Another reason that diagnosing myocarditis is difficult is the limited diagnostic accuracy of most available noninvasive diagnostic tests. There are no accurate serum biomarkers for the diagnosis of myocarditis. CPR can be elevated in the acute phase, but it is neither sensitive nor specific to determine the presence or absence of active myocardial inflammation. We observed elevated CRP levels only in 16% of our population, so normal values do not exclude a myocardial inflammatory process. Myocytes destruction also occurs in the acute phase of myocarditis; thus serum biomarkers of myocardial damage can be elevated in some cases. However, the sensitivity and negative predictive of elevated troponin I level in patients with biopsy-proven myocarditis were reported to be low[30-32]. We observed elevated troponin T levels in up to 65% of our population. Therefore, increased troponin T levels can reinforce the clinical suspicion of myocarditis in children, but a normal result does not exclude the diagnosis. Natriuretic peptides are secreted by ventricular myocytes in response to volume or pressure overload to counteract the renin-angiotensin-aldosterone and sympathetic nervous system actions in the context of heart failure. Thus, natriuretic peptides can be elevated in myocarditis with LV dysfunction and heart failure. We observed increased NT-proBNP levels only in 40% of patients, and therefore a normal value does not discard the diagnosis of myocarditis. Of note, increased NT-proBNP levels may aid in distinguishing a cardiac from a non-cardiac reason for respiratory symptoms in children[34,35]. This feature seems to be very useful to identify patients with a cardiac process in the context of nonspecific respiratory symptoms, as we observed in our young patients with myocarditis.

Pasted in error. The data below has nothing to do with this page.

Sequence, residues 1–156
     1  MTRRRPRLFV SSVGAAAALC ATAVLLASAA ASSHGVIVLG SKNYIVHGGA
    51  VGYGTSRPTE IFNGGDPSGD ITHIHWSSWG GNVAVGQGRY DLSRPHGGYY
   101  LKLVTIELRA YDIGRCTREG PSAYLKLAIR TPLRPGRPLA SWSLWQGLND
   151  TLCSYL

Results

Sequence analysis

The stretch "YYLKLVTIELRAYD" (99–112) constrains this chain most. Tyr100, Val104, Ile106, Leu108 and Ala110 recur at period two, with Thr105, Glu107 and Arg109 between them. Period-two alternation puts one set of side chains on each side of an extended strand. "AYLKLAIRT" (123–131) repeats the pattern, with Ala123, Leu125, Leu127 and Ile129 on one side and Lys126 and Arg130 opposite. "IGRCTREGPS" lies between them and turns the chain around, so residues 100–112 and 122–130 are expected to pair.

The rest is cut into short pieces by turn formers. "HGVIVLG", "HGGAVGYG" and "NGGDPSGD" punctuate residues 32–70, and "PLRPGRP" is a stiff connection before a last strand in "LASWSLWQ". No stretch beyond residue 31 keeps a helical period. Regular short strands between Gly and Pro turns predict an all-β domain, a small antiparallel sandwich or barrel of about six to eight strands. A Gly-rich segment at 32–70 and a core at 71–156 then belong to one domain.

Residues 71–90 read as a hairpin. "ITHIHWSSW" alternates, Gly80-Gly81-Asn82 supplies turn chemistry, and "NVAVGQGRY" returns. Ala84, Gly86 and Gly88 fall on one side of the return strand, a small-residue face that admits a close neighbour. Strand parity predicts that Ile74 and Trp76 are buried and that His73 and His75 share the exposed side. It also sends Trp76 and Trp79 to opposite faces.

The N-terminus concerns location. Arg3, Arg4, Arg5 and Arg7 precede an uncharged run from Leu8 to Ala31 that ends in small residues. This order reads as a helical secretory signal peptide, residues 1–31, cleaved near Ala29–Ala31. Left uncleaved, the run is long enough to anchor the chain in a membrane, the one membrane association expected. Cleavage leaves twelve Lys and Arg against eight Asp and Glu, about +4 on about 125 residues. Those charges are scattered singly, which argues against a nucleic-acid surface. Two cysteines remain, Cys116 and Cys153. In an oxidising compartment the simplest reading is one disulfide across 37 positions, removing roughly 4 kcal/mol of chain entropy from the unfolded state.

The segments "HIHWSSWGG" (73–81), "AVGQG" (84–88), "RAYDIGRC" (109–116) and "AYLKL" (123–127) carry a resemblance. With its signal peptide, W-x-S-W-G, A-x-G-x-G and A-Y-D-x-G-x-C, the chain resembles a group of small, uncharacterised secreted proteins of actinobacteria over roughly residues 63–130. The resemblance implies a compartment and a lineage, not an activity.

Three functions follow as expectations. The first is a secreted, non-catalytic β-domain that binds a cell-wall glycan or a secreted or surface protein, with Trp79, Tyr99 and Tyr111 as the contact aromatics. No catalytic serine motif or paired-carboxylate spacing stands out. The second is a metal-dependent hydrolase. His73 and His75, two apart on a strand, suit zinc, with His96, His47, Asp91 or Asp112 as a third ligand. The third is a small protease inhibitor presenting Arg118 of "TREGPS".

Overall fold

ECG and chest X-ray also have limited value for the diagnosis of myocarditis. Although ECG is virtually always abnormal in children with myocarditis, the abnormalities observed were widely variable, and there was not one specific abnormality that occurs with enough frequency to be a specific marker[16-19]. Also, chest X-ray revealed more specific cardiac findings such as cardiomegaly and pulmonary in a minority of patients.